At this point in his career, Brent Faiyaz’s discography, musical range and artistic talent have all soared past the confines of your average alternative/R&B icon. His new album, Larger than Life, surprise-released on Oct. 27, was teased with the releases of “Moment of Your Life” and “WY@,” and yet the six-hour notice to the album’s drop was not enough to mentally prepare me for its beauty.

In sync with its title, Larger than Life’s album cover displays Faiyaz’s domination over his fictional world, parallelling his ability to soar across music platforms and land himself in the top 30 of Spotify’s Top Albums chart. The addition of his clothing brand on the shoe’s sole - NUWO (which stands for Not Unless We Own) - emphasizes his ability to cross artistic boundaries and establish himself in numerous markets, emulating Tyler, the Creator’s success with his street-wear brand, Golf Wang.

The album gives listeners a glimpse into Faiyaz’s life as he navigates fame and the pressure to continue to produce music as well as uphold an intense industry expectation to become “Larger than Life,” leading him to capitalize on the chronicles of his romantic and sexual relationships. Synonymous with a capital theme of his previous album, WASTELAND, we hear how Faiyaz tends to manipulate others, particularly women, to secure validation and boost his ego, affirming his fame and success on a more personal level. While classically toxic, his coping mechanisms make for an amalgamation of R&B, Afrobeat and rap-influenced songs that become instant additions to any daily playlist.

Adding onto the precedent of WASTELAND, Faiyaz reminisces on his emotional mistakes with songs like “Whenever I Go,” while also maintaining his domineering attitude in interludes like “Big Mad Skit” which secured him the label of toxic. The rollercoaster of emotions he exhibits is nothing new for avid listeners, as his confusing mood changes combined with the impeccable production throughout his discography make his music addictive.

This album is also specifically pleasing because it marks Faiyaz’s return to his older and more consistent sound, particularly his music from his 2017 Album Sonder Son and his 2022 EP released with his group Sonder, Too Late to Die Young, which also has more musically cemented artists like Missy Elliot and A$AP Ant. The highlights of the return of “classic Brent” come from my personal favorite track, “Best Time,” due to its similarity to “Indonesian Fantasies.” Faiyaz’s vocals are set up behind a singular drum beat and kick, allowing for his voice to truly radiate over the instrumental, shining through most of the other tracks on the album.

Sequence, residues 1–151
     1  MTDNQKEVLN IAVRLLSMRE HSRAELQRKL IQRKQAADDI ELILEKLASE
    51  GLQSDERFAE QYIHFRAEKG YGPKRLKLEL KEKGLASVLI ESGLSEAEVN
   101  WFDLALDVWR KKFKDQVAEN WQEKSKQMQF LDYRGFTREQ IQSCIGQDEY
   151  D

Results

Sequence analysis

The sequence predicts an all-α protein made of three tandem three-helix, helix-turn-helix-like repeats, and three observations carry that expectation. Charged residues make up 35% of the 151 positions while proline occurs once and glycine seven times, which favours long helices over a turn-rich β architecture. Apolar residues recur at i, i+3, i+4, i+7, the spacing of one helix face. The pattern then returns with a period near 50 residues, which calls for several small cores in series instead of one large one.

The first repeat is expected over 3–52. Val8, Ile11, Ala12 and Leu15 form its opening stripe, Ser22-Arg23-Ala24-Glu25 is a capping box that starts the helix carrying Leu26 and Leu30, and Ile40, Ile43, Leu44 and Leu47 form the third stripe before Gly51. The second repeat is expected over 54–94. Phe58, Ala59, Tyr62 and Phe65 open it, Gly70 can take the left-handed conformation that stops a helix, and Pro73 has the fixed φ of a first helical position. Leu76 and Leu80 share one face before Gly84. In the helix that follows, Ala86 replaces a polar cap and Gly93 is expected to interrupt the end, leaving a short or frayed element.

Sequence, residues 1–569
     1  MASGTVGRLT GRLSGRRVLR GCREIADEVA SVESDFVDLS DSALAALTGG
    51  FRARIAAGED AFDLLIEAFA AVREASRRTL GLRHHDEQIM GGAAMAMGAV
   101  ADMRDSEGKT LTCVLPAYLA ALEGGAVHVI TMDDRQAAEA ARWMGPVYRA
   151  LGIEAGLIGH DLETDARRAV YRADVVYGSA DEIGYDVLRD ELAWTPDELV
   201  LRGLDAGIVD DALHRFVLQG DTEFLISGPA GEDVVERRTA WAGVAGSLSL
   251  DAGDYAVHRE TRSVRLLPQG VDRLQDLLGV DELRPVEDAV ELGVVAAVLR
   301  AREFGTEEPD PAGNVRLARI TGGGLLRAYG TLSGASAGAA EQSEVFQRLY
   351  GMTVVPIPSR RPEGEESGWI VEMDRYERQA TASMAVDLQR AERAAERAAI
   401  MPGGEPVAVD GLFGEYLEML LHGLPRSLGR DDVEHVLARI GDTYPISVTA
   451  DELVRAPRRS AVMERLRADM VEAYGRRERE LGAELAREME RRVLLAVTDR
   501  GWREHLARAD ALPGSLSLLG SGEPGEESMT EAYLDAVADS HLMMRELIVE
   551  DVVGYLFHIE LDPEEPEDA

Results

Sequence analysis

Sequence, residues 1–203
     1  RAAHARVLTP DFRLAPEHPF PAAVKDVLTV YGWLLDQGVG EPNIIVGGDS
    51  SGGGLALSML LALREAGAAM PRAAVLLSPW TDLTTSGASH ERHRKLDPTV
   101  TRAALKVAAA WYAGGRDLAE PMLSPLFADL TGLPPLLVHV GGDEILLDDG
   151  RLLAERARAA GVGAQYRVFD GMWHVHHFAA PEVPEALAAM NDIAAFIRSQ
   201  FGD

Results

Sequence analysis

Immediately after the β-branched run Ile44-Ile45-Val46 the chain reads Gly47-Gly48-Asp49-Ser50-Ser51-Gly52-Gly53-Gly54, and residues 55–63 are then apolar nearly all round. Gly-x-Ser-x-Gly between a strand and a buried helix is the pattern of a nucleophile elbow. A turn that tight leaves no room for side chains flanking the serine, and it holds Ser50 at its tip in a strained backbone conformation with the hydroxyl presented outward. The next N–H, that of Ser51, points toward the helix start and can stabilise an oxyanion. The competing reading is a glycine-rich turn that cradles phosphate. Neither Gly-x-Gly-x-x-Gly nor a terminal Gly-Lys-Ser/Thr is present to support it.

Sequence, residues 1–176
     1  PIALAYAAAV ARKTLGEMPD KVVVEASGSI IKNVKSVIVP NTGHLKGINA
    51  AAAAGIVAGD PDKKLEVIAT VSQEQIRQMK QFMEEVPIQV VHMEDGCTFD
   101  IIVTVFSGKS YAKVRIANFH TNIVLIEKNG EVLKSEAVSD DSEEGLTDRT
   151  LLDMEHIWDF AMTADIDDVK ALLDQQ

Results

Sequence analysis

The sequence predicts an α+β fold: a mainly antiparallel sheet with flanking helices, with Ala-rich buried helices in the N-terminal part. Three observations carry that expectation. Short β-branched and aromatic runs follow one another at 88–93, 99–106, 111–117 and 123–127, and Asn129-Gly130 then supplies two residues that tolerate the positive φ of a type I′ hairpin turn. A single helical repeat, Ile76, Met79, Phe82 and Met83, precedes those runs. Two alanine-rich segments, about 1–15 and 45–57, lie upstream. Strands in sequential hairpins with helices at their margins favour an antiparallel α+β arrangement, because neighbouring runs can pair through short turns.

Other stars from the new release include “Tim’s Intro,” “Moment of Your Life,” “Whenever I Go” and “WY@,” most of which retain Faiyaz’s iconic sound due to their isolation of his voice, bringing a nostalgic feel to his brand-new additions. For the most part, his features also added a stratified and elevated sound to the album, with especially consistent inclusions from Coco Jones, A$AP Rocky, N3WYRKLA, and FELIX! I truly appreciated his choice to include less-streamed artists in his music, but the amateur nature of these artists interrupted the general flow of the album. Verses from Lil Gray and CruddyMurda didn’t fully match the energy and cohesion constructed by Brent, which in turn made the features feel crammed into the discography rather than being the ideal fit for the song.

Regardless, Faiyaz’s shock release was a satisfying inclusion to his already impressive discography, dazzling his fans and introducing them to numerous smaller artists. The release simultaneously establishing Faiyaz as a model in the R&B alternative scene with his captivating voice and famed public image.

Thumbnail courtesy of Brent Faiyaz.